The hedumacation system in modern Britain
For the past few months I've been doing some private tuition to try and make ends meet while I finish my PhD, and a recurring theme has emerged in the questions my students ask me - namely, one question in particular: do I have to know this for the exam?
There's one girl I'm teaching at the moment who's in Year 9 (that's 14 years old, for the benefit on non-Brits) who's particularly annoying on this front. She seems to have an almost phobic aversion to learning anything that's not garuanteed to come up in the exams she's got this summer. I mean, even if I teach her something that's at a very slightly higher level than what she's doing at school at the moment, it'll surely stand her in good stead next year, as the subjects I'm teaching (science and maths) are core subjects that she can't drop before taking her GCSEs anyway. She's even said to me things like (in so many words) "I don't have to understand this, I just have to know it, right?" To be honest, it's hard to blame her, given the box-ticking, jumping-through-hoops approach that seems to dominate the National Curriculum at the moment, and the government's obsession with targets, league tables and easily quantifiable results.
I remember in my history GCSE (and this is going back 10 years) getting marked down for writing stuff that was, to quote the teacher, of A-level standard - because I wasn't simply doing what I was told for GCSE coursework.
Does anyone else here teach? Or maybe some of the younger members have recently finished school themselves? Thoughts, anyone?
Cheesy american teen comedy cliche #144:
Something outrageous or bizarre happens in class that has absolutley nothing to do with the subject being taught. Dopey kid raises his hand and says "Will this be on the exam?"
Pretty much that, only subsitute for "something outrageous or bizarre happens in class that has absolutley nothing to do with the subject being taught", "something that might perhaps be of interest to the student and useful in their later educational career but hasn't necessarily been decreed fit for children of their age by Those On High who decide these things".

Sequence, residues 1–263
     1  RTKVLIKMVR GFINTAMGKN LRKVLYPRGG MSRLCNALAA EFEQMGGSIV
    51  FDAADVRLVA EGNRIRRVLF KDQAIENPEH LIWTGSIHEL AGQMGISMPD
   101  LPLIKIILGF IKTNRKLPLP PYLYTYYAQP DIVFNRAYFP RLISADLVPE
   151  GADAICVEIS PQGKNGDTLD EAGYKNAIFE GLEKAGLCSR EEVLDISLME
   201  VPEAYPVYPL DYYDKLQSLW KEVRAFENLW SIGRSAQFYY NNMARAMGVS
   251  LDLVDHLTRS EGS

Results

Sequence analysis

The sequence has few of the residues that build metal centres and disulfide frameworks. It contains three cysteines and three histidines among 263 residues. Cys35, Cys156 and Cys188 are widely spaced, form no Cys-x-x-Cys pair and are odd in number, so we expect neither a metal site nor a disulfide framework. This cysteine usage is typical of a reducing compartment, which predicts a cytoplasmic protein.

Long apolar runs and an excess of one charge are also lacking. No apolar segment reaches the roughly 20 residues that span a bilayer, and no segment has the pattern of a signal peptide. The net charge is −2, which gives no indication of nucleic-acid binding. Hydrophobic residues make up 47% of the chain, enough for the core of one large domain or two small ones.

I know what you mean. Other pupils would often ask me at school why I was reading books not on the curriculum.
Totally baffled them.
this happens a lot to me.
i have 'discussions' with students where i suggest that maybe some things are simply interesting in their own right.
i generally get laughed at
I finished school in 1991 and it was the same then. It was encouraged by the teachers because they wanted the school to have good results in the exams and that's what mattered.
Often I would ask for something to be explained only to be told that you didn't need to know that for the exam.
You don't need to understand what current, voltage and resistance etc are as long as you can plug the numbers into a formula which is provided for you (you dont have to memorise it either).
I really wanted to learn something and really understand it.
I have had a problem with "education" since the age of about 15 even though I am really into learning about things.
I taught an intro class, and I'd often get that question. When college is compulsory among a student body unenamored with learning or the meager qualifications they'll have with a degree, efficiency is the prime goal -- cut off all those interesting tangents, just tell us what to put in the blank!
The question I loathe more is "When is this going to be useful to me in life?" which roughly translates to "How will this make me money?" Fortunately I taught Introduction to Popular Culture, so the low instrumentality of the course material was already assumed by the students.
it's a pretty obvious consequence when youre in a position like me where i'm about to sit my 8th consecutive year of june exams. admittedly the ones in year 10 were of little real consequence and only one mattered but whatever. i cannot wait til this is all over and i can start thinking beyond a curriculum again.